After demanding representation in committees on open spaces in the city,corporators and members of the BMC improvements committee recorded the civic administrations proposal to approve the revised open spaces policy.
Members will send in objections and suggestions by May 20,following which another 45 days will be given for BMC to address these and rework the policy. The current draft has been rejected for the time being.
While the new policy proposes that citizens groups be given a chance to maintain open spaces through competitive bidding,members have asked for a preference to be given to trusts already carrying out activities on the land stating that NGOs will be financially inadequate to maintain them and thus big corporates will end up getting the maintenance rights.
The open space policy had been reworked to ensure that 75 per cent of an open plot the developer is supposed to maintain for public is not usurped by him. As per the caretaker policy,an open plot can be handed over to a private body through tendering.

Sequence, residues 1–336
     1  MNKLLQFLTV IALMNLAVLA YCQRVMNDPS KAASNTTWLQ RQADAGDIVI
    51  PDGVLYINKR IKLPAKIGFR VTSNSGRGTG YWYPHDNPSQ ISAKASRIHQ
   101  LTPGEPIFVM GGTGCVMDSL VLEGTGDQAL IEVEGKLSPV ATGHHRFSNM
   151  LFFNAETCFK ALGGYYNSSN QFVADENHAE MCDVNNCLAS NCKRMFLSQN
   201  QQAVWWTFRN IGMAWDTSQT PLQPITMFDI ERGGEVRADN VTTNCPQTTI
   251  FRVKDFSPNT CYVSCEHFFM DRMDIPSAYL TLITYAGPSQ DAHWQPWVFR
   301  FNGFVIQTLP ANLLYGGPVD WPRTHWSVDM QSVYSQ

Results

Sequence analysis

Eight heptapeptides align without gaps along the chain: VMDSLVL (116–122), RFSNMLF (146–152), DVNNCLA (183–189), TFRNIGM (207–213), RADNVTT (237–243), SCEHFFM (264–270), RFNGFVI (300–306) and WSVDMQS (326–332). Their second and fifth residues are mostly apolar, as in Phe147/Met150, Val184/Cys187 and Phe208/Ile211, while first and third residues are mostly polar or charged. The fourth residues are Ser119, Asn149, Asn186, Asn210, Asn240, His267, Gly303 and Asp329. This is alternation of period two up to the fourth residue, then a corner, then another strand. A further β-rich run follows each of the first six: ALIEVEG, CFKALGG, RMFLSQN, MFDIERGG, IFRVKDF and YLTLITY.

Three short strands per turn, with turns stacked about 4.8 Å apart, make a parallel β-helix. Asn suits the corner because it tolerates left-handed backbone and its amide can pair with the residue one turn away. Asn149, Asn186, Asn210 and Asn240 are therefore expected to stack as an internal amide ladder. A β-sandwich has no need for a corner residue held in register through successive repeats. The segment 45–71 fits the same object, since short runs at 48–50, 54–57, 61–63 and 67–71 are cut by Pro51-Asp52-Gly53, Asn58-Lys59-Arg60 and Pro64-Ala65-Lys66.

A maximum of 25 per cent of the plot can be commercially exploited by the developer and 75 per cent has to be maintained by him.
The revised policy seeks to give these rights to an NGO or a citizens group.
Questioning the ability of local NGOs or ALMs to pay Rs 50 lakh as deposit for a single plot,Samajwadi Party corporator Ashraf Azmi said,The policy has been framed with the intention to benefit corporate houses and not citizens.
However,it is common knowledge that Shiv Sena and BJP corporators are opposing the policy as a number of their politicians are currently running trusts on these plots reserved for recreation ground or playground and are hence asking for preference to be given to the existing trustees during the bidding process.